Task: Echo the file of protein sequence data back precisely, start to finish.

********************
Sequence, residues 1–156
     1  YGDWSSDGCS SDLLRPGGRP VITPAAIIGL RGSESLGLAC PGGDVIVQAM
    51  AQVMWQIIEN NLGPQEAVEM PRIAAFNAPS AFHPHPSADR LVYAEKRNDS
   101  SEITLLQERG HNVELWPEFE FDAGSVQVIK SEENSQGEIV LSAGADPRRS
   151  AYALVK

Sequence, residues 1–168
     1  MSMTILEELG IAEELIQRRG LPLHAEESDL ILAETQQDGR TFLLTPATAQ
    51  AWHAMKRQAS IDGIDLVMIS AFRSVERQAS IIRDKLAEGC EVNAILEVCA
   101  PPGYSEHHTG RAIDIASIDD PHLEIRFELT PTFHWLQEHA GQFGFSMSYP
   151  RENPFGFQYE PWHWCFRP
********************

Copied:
Sequence, residues 1–156
     1  YGDWSSDGCS SDLLRPGGRP VITPAAIIGL RGSESLGLAC PGGDVIVQAM
    51  AQVMWQIIEN NLGPQEAVEM PRIAAFNAPS AFHPHPSADR LVYAEKRNDS
   101  SEITLLQERG HNVELWPEFE FDAGSVQVIK SEENSQGEIV LSAGADPRRS
   151  AYALVK

Sequence, residues 1–168
     1  MSMTILEELG IAEELIQRRG LPLHAEESDL ILAETQQDGR TFLLTPATAQ
    51  AWHAMKRQAS IDGIDLVMIS AFRSVERQAS IIRDKLAEGC EVNAILEVCA
   101  PPGYSEHHTG RAIDIASIDD PHLEIRFELT PTFHWLQEHA GQFGFSMSYP
   151  RENPFGFQYE PWHWCFRP